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Middle-Aged Drowning in Student Debt

A new report in the Wall Street Journal details how delinquency on student loan debt is actually highest among the middle-aged, defined roughly as adults between 40 and 60. Delinquencies for those in their 40s stands at an alarming 11.9 percent. Meanwhile, over the past seven years debt rates for those in their 50s and 60s have doubled and tripled, respectively:

Many debtors over 40 are still paying balances from college years ago, while their home values and savings have declined sharply in recent years. Some have stopped payments after losing jobs. Many parents—no longer able to tap home equity to pay for their children’s education—are taking out new student loans to do so. An Education Department program that provides loans to parents to fund their kids’ education is among the fastest-growing of the government’s education loan programs.

Sadly, government’s fingerprints are all over this mess. In a well-intentioned effort to make higher education more widely accessible, the government offered large student loans without asking many questions. Two things happened.

First, colleges kept raising tuition. College tuition has been rising faster than inflation for quite some time, in part because schools added layers of administrative bureaucracy and offered gold-plated student services. As long as students could rely on government loans to help pay their way, colleges have chosen to compete on amenities rather than on value.

Second, students got out of the habit of thinking about a college education as an economic decision. Students were encouraged by parents, teachers, college guidebooks and guidance counselors to find the school of their dreams rather than a school that they could afford. Unfortunately, if you borrow money, you have to pay it back. Many graduates are now learning this lesson years too late.

Banks and Wall Street, as usual, got into this act too. And with all that student debt on their hands, they lobbied to make sure it couldn’t be discharged in bankruptcy. Now we have $1 trillion of student debt, and a lot of it can’t be repaired. Lives are being damaged, and young people who should be thinking about starting families and careers are instead being saddled with new burdens.

This is terrible social policy. It is deeply destructive. Education costs have to come down, dramatically. Work and school need to be better integrated, so that students can earn while they learn rather than rolling up so much debt. And parents, students, and their counselors need to start thinking very carefully about what kind of education they can afford.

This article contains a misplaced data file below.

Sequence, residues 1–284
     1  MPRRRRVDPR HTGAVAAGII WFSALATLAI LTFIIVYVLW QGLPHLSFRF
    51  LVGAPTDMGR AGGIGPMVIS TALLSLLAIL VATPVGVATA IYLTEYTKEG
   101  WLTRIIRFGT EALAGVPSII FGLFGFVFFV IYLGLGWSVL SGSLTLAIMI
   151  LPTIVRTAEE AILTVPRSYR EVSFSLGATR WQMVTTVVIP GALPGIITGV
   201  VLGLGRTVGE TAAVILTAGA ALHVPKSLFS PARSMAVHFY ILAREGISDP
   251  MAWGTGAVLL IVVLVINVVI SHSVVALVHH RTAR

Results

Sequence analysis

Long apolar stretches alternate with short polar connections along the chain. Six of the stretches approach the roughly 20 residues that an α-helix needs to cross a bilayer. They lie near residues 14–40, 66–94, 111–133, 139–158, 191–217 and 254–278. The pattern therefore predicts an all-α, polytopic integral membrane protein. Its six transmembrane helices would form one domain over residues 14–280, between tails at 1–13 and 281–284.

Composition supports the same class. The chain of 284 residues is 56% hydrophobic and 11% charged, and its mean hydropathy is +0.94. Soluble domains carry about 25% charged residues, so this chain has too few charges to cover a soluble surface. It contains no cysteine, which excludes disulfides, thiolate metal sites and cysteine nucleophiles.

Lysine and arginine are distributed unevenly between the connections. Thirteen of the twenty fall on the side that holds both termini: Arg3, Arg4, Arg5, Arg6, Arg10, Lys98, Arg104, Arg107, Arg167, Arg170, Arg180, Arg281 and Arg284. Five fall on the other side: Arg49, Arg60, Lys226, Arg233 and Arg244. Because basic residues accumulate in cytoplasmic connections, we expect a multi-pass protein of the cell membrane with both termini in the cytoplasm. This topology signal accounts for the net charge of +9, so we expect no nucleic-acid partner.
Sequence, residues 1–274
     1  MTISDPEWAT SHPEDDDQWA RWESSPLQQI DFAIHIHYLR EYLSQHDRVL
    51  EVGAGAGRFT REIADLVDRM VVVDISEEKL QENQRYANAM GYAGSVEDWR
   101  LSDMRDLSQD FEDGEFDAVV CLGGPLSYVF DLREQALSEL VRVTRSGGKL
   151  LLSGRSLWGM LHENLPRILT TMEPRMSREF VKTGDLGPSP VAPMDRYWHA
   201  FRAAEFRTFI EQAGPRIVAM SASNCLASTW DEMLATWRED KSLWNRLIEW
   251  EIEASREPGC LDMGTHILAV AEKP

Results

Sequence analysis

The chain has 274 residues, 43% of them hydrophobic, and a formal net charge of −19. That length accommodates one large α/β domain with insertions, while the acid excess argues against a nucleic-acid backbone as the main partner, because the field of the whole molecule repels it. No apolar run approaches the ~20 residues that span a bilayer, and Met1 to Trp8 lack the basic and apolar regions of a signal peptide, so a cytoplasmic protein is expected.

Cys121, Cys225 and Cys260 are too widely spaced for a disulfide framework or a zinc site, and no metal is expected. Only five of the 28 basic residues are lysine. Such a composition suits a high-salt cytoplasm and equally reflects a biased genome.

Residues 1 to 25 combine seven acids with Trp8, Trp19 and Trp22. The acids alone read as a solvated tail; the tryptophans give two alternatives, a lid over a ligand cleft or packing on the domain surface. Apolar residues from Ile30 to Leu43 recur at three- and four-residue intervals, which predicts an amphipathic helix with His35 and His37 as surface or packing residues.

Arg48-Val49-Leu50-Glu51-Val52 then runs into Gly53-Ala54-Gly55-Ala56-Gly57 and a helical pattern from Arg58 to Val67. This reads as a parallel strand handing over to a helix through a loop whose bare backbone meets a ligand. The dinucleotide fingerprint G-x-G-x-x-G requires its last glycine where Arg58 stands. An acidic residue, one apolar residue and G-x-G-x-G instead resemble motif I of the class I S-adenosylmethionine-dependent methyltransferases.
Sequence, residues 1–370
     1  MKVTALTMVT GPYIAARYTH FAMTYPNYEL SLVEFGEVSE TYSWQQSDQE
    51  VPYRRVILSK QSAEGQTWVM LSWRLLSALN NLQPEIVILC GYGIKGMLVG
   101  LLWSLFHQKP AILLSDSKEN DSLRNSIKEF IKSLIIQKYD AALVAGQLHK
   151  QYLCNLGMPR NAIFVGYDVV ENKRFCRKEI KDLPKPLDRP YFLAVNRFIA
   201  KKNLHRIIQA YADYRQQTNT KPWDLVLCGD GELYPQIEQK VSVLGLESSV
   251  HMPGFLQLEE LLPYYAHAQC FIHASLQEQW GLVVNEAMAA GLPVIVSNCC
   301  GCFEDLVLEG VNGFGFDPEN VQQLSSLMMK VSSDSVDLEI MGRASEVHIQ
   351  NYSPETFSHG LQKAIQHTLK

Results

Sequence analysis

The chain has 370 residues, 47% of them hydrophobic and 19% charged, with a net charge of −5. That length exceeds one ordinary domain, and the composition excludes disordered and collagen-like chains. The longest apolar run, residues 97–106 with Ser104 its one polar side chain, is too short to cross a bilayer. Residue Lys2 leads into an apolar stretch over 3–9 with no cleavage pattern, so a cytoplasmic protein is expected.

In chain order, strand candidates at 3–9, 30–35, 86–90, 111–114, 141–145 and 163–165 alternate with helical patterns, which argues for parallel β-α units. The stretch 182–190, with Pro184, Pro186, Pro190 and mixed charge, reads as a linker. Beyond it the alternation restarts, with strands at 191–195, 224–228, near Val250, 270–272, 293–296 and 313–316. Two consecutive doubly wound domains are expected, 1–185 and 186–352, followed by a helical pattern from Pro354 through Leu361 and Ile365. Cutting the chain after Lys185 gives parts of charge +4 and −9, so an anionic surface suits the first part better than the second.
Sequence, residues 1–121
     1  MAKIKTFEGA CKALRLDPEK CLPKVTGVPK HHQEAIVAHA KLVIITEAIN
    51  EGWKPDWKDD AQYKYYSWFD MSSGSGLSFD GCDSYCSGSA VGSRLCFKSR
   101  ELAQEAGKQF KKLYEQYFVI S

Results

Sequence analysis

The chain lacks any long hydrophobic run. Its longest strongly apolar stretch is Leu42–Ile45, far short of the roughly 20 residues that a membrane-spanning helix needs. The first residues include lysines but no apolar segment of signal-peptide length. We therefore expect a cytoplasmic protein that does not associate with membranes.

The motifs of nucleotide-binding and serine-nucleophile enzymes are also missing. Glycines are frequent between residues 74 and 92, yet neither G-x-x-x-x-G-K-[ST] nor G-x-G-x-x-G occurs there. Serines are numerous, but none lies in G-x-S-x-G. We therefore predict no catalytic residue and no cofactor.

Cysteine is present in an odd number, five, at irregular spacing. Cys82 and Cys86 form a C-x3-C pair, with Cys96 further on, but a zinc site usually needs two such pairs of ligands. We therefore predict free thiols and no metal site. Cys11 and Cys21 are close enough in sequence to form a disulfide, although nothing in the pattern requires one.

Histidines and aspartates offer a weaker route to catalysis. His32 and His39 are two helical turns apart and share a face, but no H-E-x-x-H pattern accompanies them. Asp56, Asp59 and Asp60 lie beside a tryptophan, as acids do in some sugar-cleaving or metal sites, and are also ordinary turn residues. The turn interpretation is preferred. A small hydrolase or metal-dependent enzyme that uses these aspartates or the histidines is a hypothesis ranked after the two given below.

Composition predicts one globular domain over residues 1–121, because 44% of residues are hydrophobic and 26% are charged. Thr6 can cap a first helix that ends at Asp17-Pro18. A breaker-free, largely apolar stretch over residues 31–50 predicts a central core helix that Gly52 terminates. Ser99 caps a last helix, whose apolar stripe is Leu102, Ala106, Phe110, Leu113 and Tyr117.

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  • Jim.

    Even looking at it as an economic decision has its drawbacks.

    Thinking about it as an economic decision, if you make even (say) $10 a month more, after deducting your loan payments, it’s a “good” decision. Are you richer? Yeah, but not much.

    Contrast this with the usual vision of college as a ticket to the middle (or upper-middle) class. Or with the vision of college graduates, on the part of economists and government planners, as people with high levels of disposable income. Oops.

    Worst of all, you’re credentialing people who are not capable of reasoning this out! That, and people who have the sense to come to these conclusions remain uncredentialed. No wonder HR departments are having so much trouble filling positions, even in a recession.

    Taking on huge amounts of college debt doesn’t satisfy peoples’ expectations even when it isn’t a “good” decision.

    Our system is deeply screwed up.

    One solution? Allow student loan debt to be discharged in bankruptcy, and tell the banks caveat emptor. Tell the colleges to find amenities and administrative positions to cut. It’s a way to indirectly tax them if nothing else.

  • Corlyss

    “Unfortunately, if you borrow money, you have to pay it back.”

    Two observations:
    1) It all depends on who you are.
    2) This is a consequence. People don’t like consequences. See #1.

    Interestingly, I attended a performance of Faust at the Utah Festival Opera last week. In a little backgrounding before the curtain went up, Michael Ballam, the UFO director, spoke about how Faust was the most performed opera in the US in the 19th & 20th Centuries up to about the 1950s. After the 1950s, performance dropped off, he says, because as a society we began to believe actions don’t have to have consequences. We don’t like having to pay the piper for our poor decisions. Not coincidentally, the government began after the war to relieve citizens of the burdens of consequences. Poor? Don’t worry or try too hard to work. Government will give you a living stipend. Borrow too much? Government will give you a pass, either with an outright bailout or with a generous bankruptcy law. Feel oppressed? Government will give you economic breaks, like preferential treatment in contracting with the government. Disabled, which of course is no fault of your own? Government will pass a law requiring employers to take you anyway, regardless of your abilities. Family member gets sick? Government will require your boss to keep you on the payroll anyway. Lose your health insurance? Government will mandate that hospitals have to treat you regardless of your ability to pay.

    Consquences are, or used to be, God’s or Nature’s way of teaching you not to be stupid and to make provision for yourself and yours against harder times. Now it’s the Government’s role to make every decision free of unpleasant results.